Cécile Bulle

Anders Bjørn

Jade Garcia

Philippe Osset

Abstract

The objective of the present work is to develop an absolute sustainability index for the life cycle impact assessment of mineral resources depletion and to apply it in the building sector.
Doubling from 1980, the amount of materials extracted and consumed worldwide reached nearly 72 Gt per year in 2010, of which around 45% is used for construction. The building sector consumes 16% of total iron and steel production.
Life cycle assessment (LCA) is an approach allowing assessing the environmental impacts of products or buildings throughout their entire life cycle, accounting for different impact categories among which mineral resources are considered poorly addressed in the current state of the art. One of the main issues with the impact assessment of resources depletion is to define clearly what is the appropriate area of protection (AoP): what do we really want to protect? Unlike for human health and ecosystem quality AoP for which life is protected, which has an intrinsic value, resources are considered as having an instrumental value, which is what has to be protected. This is quite a vague concept when time comes to quantify it. We consider that what has to be protected is the access to the services that the resource provides without exceeding a dissipation rate above which this access is compromised. The problem is how to define this dissipation threshold that allows maintaining mineral resources function fulfilling.
This idea of a threshold that allows protecting an AoP is, to some extent, similar to the LCA absolute approach recently adopted by some authors, in particular Bjørn4, in order to integrate the planetary boundaries concept in LCA as a way to move beyond assessing an anthropogenic system’s improvements in eco-efficiency and to assess its impacts in relation to the actual state of the environment.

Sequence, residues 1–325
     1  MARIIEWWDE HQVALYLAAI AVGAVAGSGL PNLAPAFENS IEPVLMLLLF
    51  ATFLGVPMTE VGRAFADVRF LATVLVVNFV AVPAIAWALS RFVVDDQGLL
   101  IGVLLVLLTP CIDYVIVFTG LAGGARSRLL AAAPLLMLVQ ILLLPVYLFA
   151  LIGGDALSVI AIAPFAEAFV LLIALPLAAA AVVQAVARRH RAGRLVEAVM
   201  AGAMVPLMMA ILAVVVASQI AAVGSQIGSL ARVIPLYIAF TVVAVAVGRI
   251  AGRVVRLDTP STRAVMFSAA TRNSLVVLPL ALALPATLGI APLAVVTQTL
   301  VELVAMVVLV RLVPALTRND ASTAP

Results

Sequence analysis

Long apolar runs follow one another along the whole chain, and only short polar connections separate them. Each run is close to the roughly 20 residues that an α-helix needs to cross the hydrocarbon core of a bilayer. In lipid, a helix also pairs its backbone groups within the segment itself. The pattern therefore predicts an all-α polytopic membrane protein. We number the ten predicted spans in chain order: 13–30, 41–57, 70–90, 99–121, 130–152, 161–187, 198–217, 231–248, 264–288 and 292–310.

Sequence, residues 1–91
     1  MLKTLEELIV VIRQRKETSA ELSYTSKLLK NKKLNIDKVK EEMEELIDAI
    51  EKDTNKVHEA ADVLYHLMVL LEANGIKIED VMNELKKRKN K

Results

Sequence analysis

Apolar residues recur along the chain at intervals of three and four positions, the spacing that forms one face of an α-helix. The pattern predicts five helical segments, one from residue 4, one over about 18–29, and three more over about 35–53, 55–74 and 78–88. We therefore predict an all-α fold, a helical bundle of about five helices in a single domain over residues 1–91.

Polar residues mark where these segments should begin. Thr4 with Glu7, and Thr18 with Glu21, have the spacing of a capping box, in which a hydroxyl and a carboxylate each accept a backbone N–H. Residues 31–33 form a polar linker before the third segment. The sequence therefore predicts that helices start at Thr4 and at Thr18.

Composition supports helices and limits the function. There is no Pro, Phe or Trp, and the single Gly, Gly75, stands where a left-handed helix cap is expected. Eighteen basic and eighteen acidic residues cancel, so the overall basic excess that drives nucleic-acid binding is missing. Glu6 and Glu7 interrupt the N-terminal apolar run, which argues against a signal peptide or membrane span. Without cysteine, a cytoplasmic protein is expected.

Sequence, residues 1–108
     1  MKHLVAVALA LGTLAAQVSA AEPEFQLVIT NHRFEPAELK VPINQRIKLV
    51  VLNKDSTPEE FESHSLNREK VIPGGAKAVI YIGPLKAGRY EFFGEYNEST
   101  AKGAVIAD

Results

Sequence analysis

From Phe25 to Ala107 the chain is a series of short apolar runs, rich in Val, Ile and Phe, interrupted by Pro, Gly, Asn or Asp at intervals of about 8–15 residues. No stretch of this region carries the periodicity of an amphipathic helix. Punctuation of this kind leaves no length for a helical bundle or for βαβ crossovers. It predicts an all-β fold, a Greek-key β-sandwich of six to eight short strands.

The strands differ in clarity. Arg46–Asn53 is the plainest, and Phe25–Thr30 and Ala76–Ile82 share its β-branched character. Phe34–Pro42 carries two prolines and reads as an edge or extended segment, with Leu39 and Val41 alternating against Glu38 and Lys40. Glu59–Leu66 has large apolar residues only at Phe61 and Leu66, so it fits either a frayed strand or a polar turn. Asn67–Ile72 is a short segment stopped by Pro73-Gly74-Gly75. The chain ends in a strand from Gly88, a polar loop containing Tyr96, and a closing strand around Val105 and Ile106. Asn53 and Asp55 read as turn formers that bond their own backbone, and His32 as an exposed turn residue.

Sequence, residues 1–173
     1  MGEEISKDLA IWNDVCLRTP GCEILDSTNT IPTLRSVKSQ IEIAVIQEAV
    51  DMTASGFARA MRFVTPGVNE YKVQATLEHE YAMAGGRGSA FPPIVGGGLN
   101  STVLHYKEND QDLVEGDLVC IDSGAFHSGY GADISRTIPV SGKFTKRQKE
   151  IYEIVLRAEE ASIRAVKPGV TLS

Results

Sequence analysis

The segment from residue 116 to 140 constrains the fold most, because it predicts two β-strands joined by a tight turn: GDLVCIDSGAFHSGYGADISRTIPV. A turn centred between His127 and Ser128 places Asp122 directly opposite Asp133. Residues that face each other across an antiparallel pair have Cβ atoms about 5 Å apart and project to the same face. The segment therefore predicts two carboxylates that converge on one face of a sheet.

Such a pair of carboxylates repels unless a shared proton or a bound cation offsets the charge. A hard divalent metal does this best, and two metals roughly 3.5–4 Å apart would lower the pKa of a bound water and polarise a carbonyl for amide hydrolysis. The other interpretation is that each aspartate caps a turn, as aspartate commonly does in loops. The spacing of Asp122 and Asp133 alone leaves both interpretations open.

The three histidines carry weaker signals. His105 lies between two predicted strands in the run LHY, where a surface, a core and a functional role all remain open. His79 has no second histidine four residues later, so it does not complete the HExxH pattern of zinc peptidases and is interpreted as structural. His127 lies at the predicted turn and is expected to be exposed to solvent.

Based on a functionality approach, what is the irreversible threshold for materials dissipation? Where the actual depletion rate is positioned vis-à-vis this threshold? These are our main research questions.
Our approach builds upon the model developed by De Bruille that allows determining the fraction of users not adapted once the readily available resource is totally dissipated. The MACSI (Material Competition Scarcity Index) is a midpoint characterization factor that expresses the fraction of initial users who are potentially unable to substitute their resource by another when the easily accessible reserves are depleted. We define the mineral resources irreversible depletion threshold as the dissipation rate that would allow to keep MACSI equal to 0. In other words, the planetary boundary defines the maximum dissipation rate a mineral resource can have in order to ensure that all users will be able to adapt before depletion.
Different options of entitlement approaches between the different users sharing the same resource are explored to obtain user specific thresholds. The approach is applied to different resources used in the building sector (Iron, Aluminum, limestone, etc). The obtained dissipation thresholds compared to the current dissipation rates in the building sector allow assessing the absolute sustainability of this sector.
The dissipation threshold for each of the mineral resources assessed as well as the building sector specific dissipation thresholds resulting from the chosen entitlement approaches will be presented. The absolute sustainability of the building sector will be discussed at the light of those results.